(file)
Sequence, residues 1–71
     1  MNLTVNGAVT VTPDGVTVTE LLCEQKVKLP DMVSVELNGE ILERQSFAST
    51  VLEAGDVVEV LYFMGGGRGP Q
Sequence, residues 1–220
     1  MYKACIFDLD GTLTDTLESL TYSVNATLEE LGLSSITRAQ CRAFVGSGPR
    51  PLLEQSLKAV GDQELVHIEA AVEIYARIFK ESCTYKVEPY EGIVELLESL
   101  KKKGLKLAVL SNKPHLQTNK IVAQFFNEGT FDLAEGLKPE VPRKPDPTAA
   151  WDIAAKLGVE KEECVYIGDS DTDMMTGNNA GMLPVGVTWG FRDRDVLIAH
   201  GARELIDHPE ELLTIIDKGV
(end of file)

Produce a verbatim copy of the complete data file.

Sequence, residues 1–71
     1  MNLTVNGAVT VTPDGVTVTE LLCEQKVKLP DMVSVELNGE ILERQSFAST
    51  VLEAGDVVEV LYFMGGGRGP Q
Sequence, residues 1–220
     1  MYKACIFDLD GTLTDTLESL TYSVNATLEE LGLSSITRAQ CRAFVGSGPR
    51  PLLEQSLKAV GDQELVHIEA AVEIYARIFK ESCTYKVEPY EGIVELLESL
   101  KKKGLKLAVL SNKPHLQTNK IVAQFFNEGT FDLAEGLKPE VPRKPDPTAA
   151  WDIAAKLGVE KEECVYIGDS DTDMMTGNNA GMLPVGVTWG FRDRDVLIAH
   201  GARELIDHPE ELLTIIDKGV